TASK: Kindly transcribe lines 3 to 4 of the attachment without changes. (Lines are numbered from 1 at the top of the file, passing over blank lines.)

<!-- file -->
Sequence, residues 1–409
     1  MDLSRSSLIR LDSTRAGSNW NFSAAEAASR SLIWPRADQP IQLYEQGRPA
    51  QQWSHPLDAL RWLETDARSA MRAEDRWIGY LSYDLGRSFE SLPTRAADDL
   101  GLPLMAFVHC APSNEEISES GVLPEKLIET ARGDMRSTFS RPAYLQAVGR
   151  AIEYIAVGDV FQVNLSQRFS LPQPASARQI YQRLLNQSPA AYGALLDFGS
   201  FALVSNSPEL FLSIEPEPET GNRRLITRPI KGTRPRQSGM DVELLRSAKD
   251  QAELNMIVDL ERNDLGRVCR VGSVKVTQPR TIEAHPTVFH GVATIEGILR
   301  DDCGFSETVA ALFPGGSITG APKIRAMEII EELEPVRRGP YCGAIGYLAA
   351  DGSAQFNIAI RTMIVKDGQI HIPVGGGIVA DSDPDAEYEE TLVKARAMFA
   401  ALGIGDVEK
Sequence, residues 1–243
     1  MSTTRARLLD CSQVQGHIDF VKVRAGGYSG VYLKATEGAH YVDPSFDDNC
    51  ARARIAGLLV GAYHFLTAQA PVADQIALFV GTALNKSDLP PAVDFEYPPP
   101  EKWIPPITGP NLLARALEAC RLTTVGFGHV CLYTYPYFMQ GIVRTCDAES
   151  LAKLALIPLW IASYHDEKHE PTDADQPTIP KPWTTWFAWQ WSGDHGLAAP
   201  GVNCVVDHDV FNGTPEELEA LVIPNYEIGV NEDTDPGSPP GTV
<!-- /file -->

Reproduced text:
    51  QQWSHPLDAL RWLETDARSA MRAEDRWIGY LSYDLGRSFE SLPTRAADDL
   101  GLPLMAFVHC APSNEEISES GVLPEKLIET ARGDMRSTFS RPAYLQAVGR